# Visualizing very near vertices at any distance

I'm searching a way to visualize very near vertices without having to zoom in and searching for them. It seems that if I'm far away from the model the mass of vertex is shown as one. Is there a convenient way to know that there are multiple vertices in one point even at large distance from the model? Maybe I'm missing a more convenient practice to clean mashes that have too many vertex, like merging by distance, but even so it could be useful to view vertices when there many. I'm using Blender 2.8.

• Maybe enabling the "statistics" option in "viewport overlays" might help. Sometimes this can help identify the number of vertices when some are overlapping. Nov 30, 2021 at 15:42

## Python script

when in edit mode, run this script - it will hide all vertices that don't have another vertex nearby.

import bpy, bmesh
from bpy import context as C
from collections import defaultdict

me = C.active_object.data
bm = bmesh.from_edit_mesh(me)

grid_subdivisions = 1000  # decrease for more tolerance - more vertices left visible

grid = defaultdict(list)

for v in bm.verts:
grid[tuple(map(round, v.co*grid_subdivisions))].append(v)
v.select = False

r = range(-1, 2)
offsets = [(x, y, z) for x in r for y in r for z in r if not x==y==z==0]
for (x, y, z), cell in grid.items():
if len(cell) == 1 and not any((x+a, y+b, z+c) in grid for a, b, c in offsets):
cell[0].select = True

bmesh.update_edit_mesh(me)
bpy.ops.mesh.hide()


• Thank you, I think this answer better to my question. Dec 1, 2021 at 8:30
• I love this answer...although i don't understand the result with suzanne...and i created a plane to check like this: [1]: i.stack.imgur.com/Oghge.png and as you can see i moved the one vertex near the other...but if i try your code with that...no vertex is selected/unselected. So obviously i am doing something wrong? what's my mistake? what didn't i understand? Dec 1, 2021 at 10:42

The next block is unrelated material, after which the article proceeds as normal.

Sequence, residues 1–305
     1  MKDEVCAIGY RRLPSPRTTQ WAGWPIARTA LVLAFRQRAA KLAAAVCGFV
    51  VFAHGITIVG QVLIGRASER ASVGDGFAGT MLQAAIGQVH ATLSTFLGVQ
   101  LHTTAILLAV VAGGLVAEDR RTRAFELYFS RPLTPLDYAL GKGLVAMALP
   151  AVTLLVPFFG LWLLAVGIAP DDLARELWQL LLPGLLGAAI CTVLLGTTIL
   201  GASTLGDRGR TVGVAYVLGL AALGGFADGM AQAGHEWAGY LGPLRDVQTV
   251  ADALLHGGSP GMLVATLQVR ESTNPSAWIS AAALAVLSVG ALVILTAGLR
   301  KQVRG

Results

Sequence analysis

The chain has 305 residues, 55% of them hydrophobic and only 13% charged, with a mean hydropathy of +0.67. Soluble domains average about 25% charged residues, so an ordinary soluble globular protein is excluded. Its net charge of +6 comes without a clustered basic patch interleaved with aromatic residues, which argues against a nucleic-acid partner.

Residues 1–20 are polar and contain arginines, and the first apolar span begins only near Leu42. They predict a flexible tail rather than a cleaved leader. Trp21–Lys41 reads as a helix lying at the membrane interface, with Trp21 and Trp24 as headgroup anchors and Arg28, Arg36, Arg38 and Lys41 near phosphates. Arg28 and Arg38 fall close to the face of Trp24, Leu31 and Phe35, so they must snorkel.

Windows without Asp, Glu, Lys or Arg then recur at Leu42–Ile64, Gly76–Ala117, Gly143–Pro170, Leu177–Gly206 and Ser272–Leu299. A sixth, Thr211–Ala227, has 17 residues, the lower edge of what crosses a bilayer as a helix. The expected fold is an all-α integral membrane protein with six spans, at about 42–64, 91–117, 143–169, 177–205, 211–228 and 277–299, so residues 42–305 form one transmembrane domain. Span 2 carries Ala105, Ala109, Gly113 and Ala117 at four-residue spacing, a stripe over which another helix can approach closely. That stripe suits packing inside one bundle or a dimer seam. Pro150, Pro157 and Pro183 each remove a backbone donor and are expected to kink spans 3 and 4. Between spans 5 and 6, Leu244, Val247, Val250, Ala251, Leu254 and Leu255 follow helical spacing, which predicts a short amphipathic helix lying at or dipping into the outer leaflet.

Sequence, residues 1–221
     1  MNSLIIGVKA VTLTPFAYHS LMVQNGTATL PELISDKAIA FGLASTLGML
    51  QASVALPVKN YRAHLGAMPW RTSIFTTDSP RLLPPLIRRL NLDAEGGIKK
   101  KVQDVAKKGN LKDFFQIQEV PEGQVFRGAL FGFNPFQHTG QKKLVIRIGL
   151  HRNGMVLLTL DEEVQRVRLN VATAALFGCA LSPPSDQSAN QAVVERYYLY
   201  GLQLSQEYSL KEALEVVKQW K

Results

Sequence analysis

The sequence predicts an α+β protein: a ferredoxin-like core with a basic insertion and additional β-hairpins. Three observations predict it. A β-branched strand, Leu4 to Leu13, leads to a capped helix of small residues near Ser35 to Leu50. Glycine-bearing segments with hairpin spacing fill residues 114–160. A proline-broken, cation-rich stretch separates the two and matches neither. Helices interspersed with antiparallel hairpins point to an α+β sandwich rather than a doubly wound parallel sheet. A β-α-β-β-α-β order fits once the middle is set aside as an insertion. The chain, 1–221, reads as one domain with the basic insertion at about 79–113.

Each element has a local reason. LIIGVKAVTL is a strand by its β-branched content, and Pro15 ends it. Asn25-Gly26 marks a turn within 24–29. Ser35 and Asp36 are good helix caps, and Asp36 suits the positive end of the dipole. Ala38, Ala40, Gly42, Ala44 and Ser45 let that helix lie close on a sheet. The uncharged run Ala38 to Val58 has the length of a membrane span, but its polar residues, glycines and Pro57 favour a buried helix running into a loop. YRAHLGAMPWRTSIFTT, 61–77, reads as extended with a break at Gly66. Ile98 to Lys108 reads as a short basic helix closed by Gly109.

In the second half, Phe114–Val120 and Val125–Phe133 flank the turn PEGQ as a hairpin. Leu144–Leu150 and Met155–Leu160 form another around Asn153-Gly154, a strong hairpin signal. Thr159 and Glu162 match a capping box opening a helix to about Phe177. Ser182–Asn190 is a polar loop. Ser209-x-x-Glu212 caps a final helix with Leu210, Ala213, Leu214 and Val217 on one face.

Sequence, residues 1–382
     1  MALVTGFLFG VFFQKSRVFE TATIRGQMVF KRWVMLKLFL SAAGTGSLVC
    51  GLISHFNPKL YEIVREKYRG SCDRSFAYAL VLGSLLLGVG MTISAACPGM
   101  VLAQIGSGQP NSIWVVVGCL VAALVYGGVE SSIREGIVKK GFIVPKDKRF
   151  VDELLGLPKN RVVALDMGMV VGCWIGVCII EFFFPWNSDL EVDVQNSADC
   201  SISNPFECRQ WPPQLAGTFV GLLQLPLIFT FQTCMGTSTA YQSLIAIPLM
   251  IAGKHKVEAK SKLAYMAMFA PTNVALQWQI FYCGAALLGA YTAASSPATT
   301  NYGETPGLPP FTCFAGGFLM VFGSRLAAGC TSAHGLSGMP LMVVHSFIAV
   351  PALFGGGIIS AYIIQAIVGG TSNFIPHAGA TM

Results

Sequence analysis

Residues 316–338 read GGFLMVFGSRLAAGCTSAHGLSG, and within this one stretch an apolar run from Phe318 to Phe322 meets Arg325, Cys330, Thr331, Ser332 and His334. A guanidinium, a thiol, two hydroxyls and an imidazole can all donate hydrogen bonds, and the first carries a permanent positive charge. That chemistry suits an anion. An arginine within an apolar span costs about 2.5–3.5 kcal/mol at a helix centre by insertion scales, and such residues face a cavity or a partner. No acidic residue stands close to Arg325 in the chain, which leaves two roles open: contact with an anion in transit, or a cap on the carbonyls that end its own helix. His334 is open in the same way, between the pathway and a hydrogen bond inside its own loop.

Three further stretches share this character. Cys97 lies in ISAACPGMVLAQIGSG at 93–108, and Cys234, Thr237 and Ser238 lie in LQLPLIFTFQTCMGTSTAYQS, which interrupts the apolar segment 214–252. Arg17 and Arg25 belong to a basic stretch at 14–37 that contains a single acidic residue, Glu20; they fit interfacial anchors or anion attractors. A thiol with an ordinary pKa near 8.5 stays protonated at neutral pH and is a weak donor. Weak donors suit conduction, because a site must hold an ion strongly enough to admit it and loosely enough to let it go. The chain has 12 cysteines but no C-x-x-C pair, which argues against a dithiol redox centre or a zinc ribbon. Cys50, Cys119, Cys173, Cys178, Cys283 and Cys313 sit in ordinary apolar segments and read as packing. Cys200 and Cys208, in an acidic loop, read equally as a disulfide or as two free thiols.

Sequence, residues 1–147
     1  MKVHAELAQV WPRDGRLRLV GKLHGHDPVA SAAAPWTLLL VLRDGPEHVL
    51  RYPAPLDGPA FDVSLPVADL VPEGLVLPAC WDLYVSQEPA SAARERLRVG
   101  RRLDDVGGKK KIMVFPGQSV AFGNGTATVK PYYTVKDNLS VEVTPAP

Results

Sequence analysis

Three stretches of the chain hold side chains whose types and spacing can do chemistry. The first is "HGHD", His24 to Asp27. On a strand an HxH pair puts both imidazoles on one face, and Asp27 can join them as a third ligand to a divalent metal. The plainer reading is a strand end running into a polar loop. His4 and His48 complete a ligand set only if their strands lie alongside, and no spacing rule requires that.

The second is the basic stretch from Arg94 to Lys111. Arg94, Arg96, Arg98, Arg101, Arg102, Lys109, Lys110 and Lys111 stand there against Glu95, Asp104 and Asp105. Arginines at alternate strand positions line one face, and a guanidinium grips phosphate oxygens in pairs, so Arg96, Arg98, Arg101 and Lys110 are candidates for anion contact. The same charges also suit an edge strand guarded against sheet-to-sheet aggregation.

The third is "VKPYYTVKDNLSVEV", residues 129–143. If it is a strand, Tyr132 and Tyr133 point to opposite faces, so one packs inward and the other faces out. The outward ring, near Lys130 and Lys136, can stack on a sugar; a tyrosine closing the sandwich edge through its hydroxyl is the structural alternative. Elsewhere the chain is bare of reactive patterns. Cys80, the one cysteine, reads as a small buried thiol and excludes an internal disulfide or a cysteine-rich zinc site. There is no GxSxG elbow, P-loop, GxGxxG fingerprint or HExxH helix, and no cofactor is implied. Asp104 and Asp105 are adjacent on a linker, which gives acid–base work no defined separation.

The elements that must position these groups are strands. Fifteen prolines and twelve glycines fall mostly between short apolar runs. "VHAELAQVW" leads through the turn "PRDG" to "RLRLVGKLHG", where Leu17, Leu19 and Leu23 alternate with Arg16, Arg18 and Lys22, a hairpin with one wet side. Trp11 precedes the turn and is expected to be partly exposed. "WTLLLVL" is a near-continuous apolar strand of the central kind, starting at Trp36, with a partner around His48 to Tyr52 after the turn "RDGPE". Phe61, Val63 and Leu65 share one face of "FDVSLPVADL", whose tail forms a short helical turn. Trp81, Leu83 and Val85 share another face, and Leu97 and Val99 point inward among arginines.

• @Chris The script multiplies each X,Y,Z of each vertex by grid_subdivisions, and then rounds them, to create a (x, y, z) tuple denoting a grid cell to be used as a key in a dictionary. Without multiplying, in case of Susanne, you would only get 3 possible values for each axis: -1, 0, 1, due to rounding. Then for each such cell in a grid, 26 surrounding grid cells are checked - if no such neighboring cell is found in the dictionary, it means there's no neighboring populated cells, and if also current cell has only one vertex, it's a sad, alone vertex - and is marked to be hidden. Dec 1, 2021 at 13:38
• @Chris so in your case perhaps the grid_subdivisions is too high, and grid cells are small enough that there is no vertex for which other vertices can be found in the same grid cell or no neighboring cell is "populated". Dec 1, 2021 at 13:39
• @MarkusvonBroady: Thank you very much for your detailed explanation. I am very happy that you don't answer "learn first the basics" like some others do that here. Thank you!! it worked!!!! Dec 1, 2021 at 13:51

You can enable Scene Statistics (Preferences->Interface->Status Bar) and then do a circle select with a very small circle radius around the place which is likely to have multiple vertices. Then check in the status bar how many vertices are selected.

• Stqtus Bar menu doesn't seems to be there in Blender 2.8 Nov 30, 2021 at 16:19
• In 2.8 the status bar is displayed by default if I am not mistaken. So no need to enable it.
– loma
Nov 30, 2021 at 16:31
• that's right, number of vertices are in the bottom of the screen Nov 30, 2021 at 16:41